Archeologists from the University of Leicester recently confirmed that the skeleton found under a car park belongs to King Richard III. There were several DNA tests that matched the remains of the king with the DNA from a distant relative on maternal line.
Radiocarbon dating tests were also performed and they showed the skeleton dated back to a period from 1455 to 1540. King Richard III died in 1485 in a battle near Market Bosworth in Leicestershire.
“Beyond reasonable doubt it’s Richard,”
Richard Buckley, chief archeologist from the University of Leicester, told journalists.
Dr Jo Appleby, an osteo-archeologist, said the skeleton belonged to a young man in his late ’20s or early ’30s. Richard died at the age of 32. The skeleton also had 10 injuries. Eight of the injuries were made to the head, two of which seemed to be fatal. One of the fatal wounds was caused by a sharp weapon and was 10cm (4ins) deep. Experts say that this kind of injury would have cause an almost instant loss of consciousness followed by death. Specialists are not sure if the blade went into the brain 10 cm deep – if that was the case death would have been instantaneous.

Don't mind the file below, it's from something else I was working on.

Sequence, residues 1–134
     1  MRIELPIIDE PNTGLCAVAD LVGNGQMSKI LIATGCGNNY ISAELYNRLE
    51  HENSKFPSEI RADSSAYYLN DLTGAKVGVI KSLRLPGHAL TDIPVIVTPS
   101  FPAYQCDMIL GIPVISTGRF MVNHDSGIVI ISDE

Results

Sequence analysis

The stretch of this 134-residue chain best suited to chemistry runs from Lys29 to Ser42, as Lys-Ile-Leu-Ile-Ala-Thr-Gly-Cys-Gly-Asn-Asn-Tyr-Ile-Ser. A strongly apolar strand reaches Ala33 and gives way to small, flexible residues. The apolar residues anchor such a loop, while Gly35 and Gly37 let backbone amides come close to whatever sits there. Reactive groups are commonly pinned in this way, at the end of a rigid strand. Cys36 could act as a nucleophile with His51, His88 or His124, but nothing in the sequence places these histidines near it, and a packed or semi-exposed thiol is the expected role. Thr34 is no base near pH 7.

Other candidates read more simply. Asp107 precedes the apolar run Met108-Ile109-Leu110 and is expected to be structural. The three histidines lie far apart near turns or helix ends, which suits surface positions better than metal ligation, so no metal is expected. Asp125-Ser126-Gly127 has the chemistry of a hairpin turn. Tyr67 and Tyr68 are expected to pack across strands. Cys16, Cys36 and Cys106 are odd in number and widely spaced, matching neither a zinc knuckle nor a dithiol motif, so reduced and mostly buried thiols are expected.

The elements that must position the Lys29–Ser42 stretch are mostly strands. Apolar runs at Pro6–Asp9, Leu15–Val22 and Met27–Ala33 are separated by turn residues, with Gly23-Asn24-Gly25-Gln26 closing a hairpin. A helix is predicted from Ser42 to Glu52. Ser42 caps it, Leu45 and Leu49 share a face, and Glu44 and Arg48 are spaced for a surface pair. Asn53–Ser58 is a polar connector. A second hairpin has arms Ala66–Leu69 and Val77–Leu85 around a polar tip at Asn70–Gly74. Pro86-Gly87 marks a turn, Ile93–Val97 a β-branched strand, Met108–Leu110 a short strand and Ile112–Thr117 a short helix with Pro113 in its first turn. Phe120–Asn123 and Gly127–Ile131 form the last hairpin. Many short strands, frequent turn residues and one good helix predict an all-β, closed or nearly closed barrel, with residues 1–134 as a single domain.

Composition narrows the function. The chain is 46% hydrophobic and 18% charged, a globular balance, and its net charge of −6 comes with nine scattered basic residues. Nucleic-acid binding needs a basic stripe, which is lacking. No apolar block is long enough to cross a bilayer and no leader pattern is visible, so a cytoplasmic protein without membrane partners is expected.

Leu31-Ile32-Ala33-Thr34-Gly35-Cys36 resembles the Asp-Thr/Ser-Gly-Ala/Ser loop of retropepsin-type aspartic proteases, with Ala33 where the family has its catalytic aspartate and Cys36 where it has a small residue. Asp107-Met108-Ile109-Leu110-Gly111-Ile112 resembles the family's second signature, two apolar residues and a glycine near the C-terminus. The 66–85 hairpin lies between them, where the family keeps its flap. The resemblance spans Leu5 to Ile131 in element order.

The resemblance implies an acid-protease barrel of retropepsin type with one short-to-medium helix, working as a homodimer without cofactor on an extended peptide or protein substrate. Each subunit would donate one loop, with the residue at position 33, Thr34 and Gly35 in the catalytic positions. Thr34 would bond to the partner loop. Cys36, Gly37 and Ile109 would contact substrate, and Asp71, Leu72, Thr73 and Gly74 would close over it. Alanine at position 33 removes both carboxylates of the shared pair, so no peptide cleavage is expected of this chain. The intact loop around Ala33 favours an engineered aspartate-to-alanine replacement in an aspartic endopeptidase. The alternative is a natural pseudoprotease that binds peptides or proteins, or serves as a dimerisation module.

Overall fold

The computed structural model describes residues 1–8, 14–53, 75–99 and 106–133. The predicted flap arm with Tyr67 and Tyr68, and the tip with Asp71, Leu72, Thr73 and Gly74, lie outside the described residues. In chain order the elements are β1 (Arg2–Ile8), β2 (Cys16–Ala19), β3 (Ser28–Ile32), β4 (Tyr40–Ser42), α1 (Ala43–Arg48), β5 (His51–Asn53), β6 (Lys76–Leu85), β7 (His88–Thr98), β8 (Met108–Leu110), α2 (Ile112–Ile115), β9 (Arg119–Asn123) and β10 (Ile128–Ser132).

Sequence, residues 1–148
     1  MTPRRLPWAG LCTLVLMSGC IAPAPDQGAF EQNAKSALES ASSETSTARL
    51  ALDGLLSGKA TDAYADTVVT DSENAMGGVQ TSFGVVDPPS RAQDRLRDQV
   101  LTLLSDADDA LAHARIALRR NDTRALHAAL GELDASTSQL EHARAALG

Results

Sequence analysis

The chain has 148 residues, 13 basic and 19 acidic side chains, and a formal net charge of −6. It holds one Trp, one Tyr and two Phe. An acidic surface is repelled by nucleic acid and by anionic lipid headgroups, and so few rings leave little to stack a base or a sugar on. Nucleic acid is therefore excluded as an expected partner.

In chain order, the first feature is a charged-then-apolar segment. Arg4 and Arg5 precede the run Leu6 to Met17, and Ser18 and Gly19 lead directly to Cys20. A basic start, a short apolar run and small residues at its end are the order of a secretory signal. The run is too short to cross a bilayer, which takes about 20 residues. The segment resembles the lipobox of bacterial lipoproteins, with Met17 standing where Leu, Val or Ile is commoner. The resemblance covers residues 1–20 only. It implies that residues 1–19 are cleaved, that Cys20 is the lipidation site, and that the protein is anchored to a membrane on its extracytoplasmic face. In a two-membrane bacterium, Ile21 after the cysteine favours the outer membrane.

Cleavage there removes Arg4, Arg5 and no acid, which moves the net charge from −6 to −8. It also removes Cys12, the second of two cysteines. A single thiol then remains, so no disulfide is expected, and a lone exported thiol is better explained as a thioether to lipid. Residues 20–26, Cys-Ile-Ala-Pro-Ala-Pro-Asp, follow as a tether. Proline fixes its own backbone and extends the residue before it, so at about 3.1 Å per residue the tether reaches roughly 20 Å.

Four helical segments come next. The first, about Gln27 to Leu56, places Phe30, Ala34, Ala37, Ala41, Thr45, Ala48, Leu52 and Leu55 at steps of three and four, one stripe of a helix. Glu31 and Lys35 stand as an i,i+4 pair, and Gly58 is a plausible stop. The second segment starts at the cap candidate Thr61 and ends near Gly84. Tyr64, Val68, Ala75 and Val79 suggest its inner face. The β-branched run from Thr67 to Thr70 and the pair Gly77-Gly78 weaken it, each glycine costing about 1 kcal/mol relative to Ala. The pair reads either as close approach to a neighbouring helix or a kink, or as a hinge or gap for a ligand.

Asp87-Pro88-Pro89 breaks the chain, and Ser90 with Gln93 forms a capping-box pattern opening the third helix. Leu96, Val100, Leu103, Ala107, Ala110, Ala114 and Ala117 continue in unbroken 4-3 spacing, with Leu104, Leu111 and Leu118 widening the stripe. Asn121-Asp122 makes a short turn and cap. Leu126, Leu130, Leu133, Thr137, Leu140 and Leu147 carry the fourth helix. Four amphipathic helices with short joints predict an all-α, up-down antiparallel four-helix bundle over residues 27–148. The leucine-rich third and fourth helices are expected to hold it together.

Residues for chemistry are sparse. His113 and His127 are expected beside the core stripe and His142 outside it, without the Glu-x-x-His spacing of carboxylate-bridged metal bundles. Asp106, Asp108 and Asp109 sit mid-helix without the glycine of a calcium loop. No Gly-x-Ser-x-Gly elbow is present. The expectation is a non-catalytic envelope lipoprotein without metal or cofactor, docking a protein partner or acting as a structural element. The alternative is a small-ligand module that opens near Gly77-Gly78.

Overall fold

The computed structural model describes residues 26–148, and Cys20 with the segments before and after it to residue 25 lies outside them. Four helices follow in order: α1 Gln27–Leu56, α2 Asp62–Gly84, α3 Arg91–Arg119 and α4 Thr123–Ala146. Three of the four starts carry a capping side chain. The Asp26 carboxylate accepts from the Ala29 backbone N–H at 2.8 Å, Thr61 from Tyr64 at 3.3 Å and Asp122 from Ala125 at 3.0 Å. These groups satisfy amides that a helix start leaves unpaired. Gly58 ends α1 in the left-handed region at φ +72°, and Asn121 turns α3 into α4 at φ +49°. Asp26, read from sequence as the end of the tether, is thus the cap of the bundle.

Some historians say the king was slightly deformed. This fact is also confirmed – the skeleton had the spine visibly curved due to a condition called scoliosis that made him look shorter than he really was (about 1.7 m/5.8 ft). Dr Appleby also said that the skelton belonged to a man “unusually slender”.
“Taken as a whole, the skeletal evidence provides a highly convincing case for identification as Richard III,”
It seems that Richard III didn’t receive a proper funeral – he was burried in a hurry underneath the Greyfriars Church. Experts say that his grave was “clumsly cut” and wasn’t deep enough for the body. There was also no coffin or shroud and the skeleton had the arms crossed. The Greyfriars church was torn down during Reformation era and historian lost its track.
Richard III’s DNA was confirmed by DNA samples taken from a 17th-generation descendant of the king’s sister, Joy Ibsen who died in Canada several years ago. Her son Michel provided a sample of his mother’s DNA.
Experts were concerned that Richard’s DNA would have been too damaged for the DNA tests, but they needn’t have worried – there was a perfect match between Joy’s DNA and the remains founded at Greyfriars site.